For a long time, there were three easy phrases you could use to tell someone how worthy of their time a new game was: “Buy it”, “Skip it”, or the now obsolete “Rent it”. Unfortunately, a new category is quickly becoming part of the gamers' vocabulary: “Wait six months to play it”.
Anthem falls squarely in this new category.
In most cases, this phrase is used because a live service game is launched with server issues and a multitude of bugs. In the case of Anthem, the launch has been accompanied with not only these issues but also some much larger problems with how the game approaches progression and quest structure. Issues I hope can be addressed over the first year of the game.
I hope this because, despite these problems the game has had at launch, I still don’t think it lands in the “Skip it” category. Underneath them, there is a core loop and gameplay experience that could be incredibly gratifying to the right kind of gamer –although, that gamer likely isn’t a Bioware fan.
Traditionally, what Bioware fans have loved about their games is the story, and more specifically, character development and relationships. Though these aspects of Anthem are serviceable, they are far from the calibre Bioware fans, like myself, have come to expect from their games.
The premise of the game is interesting, just not explored as organically or satisfyingly as in games such as the Mass Effect trilogy. Anthem is set in a world filled with relics that can harvest an energy source called The Anthem of Creation –relics believed to have been created by a godlike prior civilisation. Unstable relics can spontaneously terraform sections of the planet, creating terrible weather events or mutating animals into terrifying beasts. It is in this setting that humanity struggles for safety and stability amongst the pressures of warring political factions of mankind and a history of enslavement by other species.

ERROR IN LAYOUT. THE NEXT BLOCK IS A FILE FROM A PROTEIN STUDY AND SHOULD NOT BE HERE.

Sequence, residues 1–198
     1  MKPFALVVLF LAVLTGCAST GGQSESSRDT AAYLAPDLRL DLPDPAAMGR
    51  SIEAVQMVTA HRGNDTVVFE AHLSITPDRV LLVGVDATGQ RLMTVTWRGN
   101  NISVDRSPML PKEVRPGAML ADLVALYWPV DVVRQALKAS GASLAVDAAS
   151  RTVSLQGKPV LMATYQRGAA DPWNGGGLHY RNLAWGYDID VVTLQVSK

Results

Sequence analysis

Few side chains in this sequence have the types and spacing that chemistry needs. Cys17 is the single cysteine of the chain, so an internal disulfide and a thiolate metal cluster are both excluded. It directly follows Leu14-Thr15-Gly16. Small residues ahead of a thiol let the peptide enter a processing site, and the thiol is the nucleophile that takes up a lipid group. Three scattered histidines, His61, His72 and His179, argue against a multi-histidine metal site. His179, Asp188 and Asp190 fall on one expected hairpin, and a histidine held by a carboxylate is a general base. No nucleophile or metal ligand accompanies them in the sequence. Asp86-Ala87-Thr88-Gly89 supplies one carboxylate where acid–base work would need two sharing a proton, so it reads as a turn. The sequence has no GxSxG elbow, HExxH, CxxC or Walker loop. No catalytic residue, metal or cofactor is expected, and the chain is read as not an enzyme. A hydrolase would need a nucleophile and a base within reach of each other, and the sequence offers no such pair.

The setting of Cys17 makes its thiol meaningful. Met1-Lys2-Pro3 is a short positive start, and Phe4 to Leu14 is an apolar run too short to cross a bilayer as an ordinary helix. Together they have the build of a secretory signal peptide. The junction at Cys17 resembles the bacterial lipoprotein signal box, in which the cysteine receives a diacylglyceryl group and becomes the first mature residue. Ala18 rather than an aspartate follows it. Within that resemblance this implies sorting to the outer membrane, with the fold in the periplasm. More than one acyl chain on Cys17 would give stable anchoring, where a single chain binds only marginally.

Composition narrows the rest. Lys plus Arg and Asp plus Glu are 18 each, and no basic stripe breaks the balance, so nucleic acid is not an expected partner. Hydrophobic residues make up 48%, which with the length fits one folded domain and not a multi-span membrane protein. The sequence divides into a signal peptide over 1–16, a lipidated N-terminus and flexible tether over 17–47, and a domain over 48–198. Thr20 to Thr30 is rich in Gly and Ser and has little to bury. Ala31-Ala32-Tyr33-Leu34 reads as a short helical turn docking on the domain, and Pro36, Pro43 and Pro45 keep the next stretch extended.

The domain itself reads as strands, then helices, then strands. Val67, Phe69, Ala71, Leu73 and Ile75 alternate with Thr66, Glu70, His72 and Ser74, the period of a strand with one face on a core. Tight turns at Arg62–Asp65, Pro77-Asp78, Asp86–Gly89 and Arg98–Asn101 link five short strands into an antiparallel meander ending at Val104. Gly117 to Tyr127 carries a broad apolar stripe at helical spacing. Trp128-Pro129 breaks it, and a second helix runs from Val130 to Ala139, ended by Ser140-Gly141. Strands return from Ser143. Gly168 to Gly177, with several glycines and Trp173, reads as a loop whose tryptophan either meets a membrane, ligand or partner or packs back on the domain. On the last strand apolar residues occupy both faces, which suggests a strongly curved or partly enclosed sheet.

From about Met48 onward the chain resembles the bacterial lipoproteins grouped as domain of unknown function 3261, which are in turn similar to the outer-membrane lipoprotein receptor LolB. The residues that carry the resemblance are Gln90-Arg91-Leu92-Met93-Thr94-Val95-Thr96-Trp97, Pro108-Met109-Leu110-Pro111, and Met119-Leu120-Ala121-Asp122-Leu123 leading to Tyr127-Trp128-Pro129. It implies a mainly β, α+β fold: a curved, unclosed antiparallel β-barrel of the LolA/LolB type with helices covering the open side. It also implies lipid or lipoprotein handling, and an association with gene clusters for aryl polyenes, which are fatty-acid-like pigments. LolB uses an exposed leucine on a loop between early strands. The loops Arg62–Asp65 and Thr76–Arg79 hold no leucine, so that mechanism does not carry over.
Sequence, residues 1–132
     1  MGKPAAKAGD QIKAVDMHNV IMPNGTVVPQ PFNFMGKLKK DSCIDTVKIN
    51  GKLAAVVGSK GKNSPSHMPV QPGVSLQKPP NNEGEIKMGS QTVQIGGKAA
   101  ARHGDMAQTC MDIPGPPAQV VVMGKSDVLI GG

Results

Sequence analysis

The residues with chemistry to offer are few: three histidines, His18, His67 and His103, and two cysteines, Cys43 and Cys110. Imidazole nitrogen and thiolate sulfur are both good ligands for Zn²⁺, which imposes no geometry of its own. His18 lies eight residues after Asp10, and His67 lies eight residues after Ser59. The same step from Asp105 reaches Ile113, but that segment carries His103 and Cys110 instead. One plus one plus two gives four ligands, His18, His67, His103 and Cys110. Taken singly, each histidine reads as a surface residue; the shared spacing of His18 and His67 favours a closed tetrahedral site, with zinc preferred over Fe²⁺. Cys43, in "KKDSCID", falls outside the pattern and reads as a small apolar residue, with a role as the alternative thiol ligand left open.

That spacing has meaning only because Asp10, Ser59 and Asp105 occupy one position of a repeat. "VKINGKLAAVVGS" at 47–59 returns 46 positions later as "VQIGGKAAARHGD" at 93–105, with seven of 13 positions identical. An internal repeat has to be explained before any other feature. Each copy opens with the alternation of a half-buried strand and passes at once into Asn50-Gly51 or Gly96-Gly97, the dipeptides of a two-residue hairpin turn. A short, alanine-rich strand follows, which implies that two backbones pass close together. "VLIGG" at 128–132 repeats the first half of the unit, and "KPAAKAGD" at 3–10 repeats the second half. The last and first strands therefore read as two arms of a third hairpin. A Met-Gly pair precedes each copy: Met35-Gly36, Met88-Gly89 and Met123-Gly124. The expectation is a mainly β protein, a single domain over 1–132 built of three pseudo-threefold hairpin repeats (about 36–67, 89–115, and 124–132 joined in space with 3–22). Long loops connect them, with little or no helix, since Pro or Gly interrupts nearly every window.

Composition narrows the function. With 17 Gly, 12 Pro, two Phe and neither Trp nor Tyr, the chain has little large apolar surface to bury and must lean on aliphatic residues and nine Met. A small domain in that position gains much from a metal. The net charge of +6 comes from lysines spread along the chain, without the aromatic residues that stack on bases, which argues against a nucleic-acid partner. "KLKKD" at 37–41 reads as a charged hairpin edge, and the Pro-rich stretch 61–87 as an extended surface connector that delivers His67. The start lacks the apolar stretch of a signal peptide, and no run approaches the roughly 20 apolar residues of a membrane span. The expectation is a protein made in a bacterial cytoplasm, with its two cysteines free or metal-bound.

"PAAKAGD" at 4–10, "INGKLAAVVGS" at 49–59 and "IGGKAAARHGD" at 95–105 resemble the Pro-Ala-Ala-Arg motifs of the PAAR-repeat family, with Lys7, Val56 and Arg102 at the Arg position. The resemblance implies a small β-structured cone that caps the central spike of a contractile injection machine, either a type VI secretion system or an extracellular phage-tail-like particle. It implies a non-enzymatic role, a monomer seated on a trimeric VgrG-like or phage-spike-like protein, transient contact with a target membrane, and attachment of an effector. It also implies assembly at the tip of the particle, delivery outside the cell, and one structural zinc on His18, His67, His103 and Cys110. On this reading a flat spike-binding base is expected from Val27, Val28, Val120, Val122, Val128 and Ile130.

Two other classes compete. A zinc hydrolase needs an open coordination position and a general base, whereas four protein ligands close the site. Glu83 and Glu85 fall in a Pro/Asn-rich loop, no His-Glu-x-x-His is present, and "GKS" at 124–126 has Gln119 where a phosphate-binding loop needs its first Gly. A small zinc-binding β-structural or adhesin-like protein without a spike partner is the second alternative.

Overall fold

On paper, it is actually a very interesting and complex scenario. But, in practice, I never felt compelled or particularly connected to the backstory or unfolding narrative as much as the synopsis indicates I might have.
Mostly, this is because multiplayer games like this just don’t lend themselves well to storytelling. In a game like Mass Effect, quests would intersperse narrative throughout periods of action and exploration. Anthem mostly tries to do this by feeding you a stream of audio from characters in your earpiece throughout missions. But not only is this an unsatisfying approach to building a narrative, but this stream of audio is often nothing more than an annoyance when you are using party chat.
There are moments where larger missions cut into non-interactive cutscenes which you and your team watch together. It was during these cutscenes that I truly mourned how far astray this latest Bioware game has fallen in its storytelling. Firstly, it is just awkward to watch an extended cutscene with four other people. Secondly, these cutscenes contain the compelling character development and scenarios I love in Bioware, but completely without the input of me as a player and the consequence of my decisions.
As a result of this approach, I never felt the personal investment in character and story that has been evoked by previous Bioware games.
I would get this same twinge of mourning while interacting with characters during the first-person moments at your base, Fort Tarsis. There, you can walk around and talk with characters at your leisure, occasionally choosing between two responses which seem to have no consequence beyond letting you build a sense of your own characters thoughts and feelings. Without meaningful consequence to these interactions, ultimately, they just come off as superficial.
That said, these interactions often do have a certain charm to them. They are well written, often leaning into quirky conversations that gradually lead to some emotional and revealing expansion of that character and their past. Plus, the new performance capture style being used by Bioware is cutting edge –with characters facial expression and body language among the most realistic achieved in games so far.